• 23. for natural resources relatively high for a decade or more. The emergence of more consumers in developing countries will broaden opportunities for all economies. In decades to come, as emerging economies increase their share of world trade and investment, the relative decline in the economic weight of the United States, Europe and Japan will have concomi- tant effects on their political and military influence. This could lead to a reorganisation of the interna- tional diplomatic and governance architecture, reflecting new centres of influence. South Africa can benefit from rapid growth in developing countries that leads to increased demand for commodities and expanding consumer markets. At the same time, these trends pose challenges for middle-income countries as a result of greater competition in manufacturing and certain information technology-enabled services. The rise of emerging markets also increases international competition, placing downward pressure on the wages of low-skilled workers in tradable sectors. Over the past five years, South Africa’s exports to advanced economies have slowed in response to lower demand. This decline has been offset by increased demand from Asia and higher prices for commodities. While South Africa has maintained a reasonably sound trade balance, owing largely to high commodity prices, it is of concern that high value-added and labour-intensive exports are slowing. In the medium term, South Africa has to respond to this trend by bolstering competitiveness and investment in high value-added industries and increasing the volume of mineral exports. Over the longer term, South Africa has to do more to enhance competitiveness in areas of comparative advantage that can draw more people into work. By improving the skills base and increasing competi- tiveness, the economy can diversify, offsetting the distorting effects of elevated commodity prices on the rand. It is likely that world economic growth over the next decade will be lower than it was during the previous one. This will require greater policy focus, effective implementation of industrial policies and improved skills development. Globalisation broadly refers to rising global trade and increased flows of people, capital, ideas and technologies across borders in recent decades. These trends have generally supported the development of poor and middle-income countries, enabling them to access markets, goods, services, capital, technology and skills. Globalisation has also contributed to a growing “interconnected- ness” that has lowered barriers to entry and expanded the reach of knowledge. Yet globalisation has also contributed to heightened risk and complexity in world affairs – from financial market volatility, to the migration of skilled people from developing countries, to changing power relations between states and capital. As a result of these patterns, the current economic slowdown in developed countries poses a significant risk to developing countries. South Africa’s experience of globalisation includes tangible benefits and increased complexity. The challenge is to take advantage of opportunities while protecting South Africans – especially the poor – from the risks associated with new trade and investment patterns. For example, South Africa has a low level of savings and relies on foreign capital to finance its investments. Dependence on external capital flows increases the risk of volatility in the domestic economy. Slower growth in developed Globalisation 21EXECUTIVE SUMMARY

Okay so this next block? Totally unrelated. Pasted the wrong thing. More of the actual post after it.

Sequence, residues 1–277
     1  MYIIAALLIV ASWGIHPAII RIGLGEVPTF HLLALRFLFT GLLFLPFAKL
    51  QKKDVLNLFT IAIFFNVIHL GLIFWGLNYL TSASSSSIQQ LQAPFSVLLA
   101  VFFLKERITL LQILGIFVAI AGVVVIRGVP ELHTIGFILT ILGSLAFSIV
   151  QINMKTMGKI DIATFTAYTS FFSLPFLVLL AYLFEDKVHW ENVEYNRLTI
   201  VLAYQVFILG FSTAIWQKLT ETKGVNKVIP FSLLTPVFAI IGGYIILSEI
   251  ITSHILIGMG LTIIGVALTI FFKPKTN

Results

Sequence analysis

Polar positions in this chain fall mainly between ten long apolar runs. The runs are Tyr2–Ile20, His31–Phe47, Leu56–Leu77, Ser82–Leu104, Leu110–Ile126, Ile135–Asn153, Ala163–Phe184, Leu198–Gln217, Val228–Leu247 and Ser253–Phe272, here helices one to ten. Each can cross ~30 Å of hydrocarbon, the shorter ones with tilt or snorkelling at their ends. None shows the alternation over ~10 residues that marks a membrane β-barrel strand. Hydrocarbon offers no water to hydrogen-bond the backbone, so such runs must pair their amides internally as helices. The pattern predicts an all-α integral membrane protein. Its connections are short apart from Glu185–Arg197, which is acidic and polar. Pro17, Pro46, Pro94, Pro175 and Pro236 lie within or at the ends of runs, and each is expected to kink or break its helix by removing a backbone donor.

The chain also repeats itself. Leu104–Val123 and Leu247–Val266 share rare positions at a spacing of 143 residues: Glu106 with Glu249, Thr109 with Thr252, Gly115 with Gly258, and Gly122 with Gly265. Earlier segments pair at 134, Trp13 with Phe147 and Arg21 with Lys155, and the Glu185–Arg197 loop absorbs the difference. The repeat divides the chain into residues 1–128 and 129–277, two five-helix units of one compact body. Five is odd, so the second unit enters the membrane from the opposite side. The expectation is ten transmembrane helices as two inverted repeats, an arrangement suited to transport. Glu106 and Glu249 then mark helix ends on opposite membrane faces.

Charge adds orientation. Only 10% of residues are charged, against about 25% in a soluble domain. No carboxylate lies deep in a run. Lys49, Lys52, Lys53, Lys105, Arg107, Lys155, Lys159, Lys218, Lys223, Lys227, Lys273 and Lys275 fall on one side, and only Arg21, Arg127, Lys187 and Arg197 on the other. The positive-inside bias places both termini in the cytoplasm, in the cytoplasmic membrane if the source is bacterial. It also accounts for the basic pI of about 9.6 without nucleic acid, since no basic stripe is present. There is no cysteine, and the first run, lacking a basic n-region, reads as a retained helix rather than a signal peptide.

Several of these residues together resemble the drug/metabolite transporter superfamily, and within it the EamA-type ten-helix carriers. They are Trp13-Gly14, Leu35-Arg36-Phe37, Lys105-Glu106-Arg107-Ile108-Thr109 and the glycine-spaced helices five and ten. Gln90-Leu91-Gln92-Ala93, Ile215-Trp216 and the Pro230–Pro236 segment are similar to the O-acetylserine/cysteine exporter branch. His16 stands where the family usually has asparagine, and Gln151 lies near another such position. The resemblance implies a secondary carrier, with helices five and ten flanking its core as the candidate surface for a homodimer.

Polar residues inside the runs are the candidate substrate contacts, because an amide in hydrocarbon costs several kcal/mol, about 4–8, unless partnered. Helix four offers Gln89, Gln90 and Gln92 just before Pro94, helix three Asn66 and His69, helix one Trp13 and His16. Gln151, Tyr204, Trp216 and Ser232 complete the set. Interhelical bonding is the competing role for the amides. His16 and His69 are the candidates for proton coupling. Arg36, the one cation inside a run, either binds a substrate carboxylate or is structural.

• 24. countries has been accompanied by strong demand from developing countries, contributing to a wel- come rebalancing of the country’s exports. Yet this trend also poses a challenge for policy makers and manufacturers, because present demand from em- erging markets is weighted towards commodities and raw materials, rather than a more diversified basket of products required by developed countries. contributed to development by investing in telecommunications, banking, mining, construction and retail. Closer partnership between countries, firms and people would deepen economic and social integration, contributing to higher rates of growth and development. Several structural weaknesses must be overcome if Africa is to translate rapid growth and higher demand for commodities into rising employment and living standards. Crucially, poor transport links and infrastructure networks, as well as tariff and non-tariff barriers, raise the cost of doing business and hobble both investment and internal trade. Weak legal institutions and, in some cases, poor governance heighten the risks of investing. The picture is improv- ing steadily, but challenges remain, including in the Southern African Development Community (SADC), which faces hurdles related to infrastructure, trade barriers and governance. While South Africa will find it difficult to compete in low-skills manufactur- ing because of its high cost structure, many countries on the continent can compete as production costs rise in East Asia. Several of South Africa’s challenges can only be addressed through regional cooperation. While South Africa is a water-scarce country, several neighbouring countries have abundant supply. There are other areas in which complementary national endowments offer opportunities for mutually beneficial cooperation. For example, South Africa should invest in and help exploit the wide range of opportunities for low-carbon energy from hydroelectric and other clean energy sources in southern Africa. 22 Africa’s development The economies of many African countries have grown more rapidly over the past decade, significantly reducing extreme poverty for the first time in about half a century, and the continent has carved out a greater voice in global institutions. On the political front, democracy has made uneven headway. The recent uprisings in North Africa are a stark reminder of the risks of poor governance and weak institutions that allow elites to accumulate wealth at the expense of the people. Strong African growth also provides opportunities for South African firms and industries, which have NATIONAL DEVELOPMENT PLAN - 2030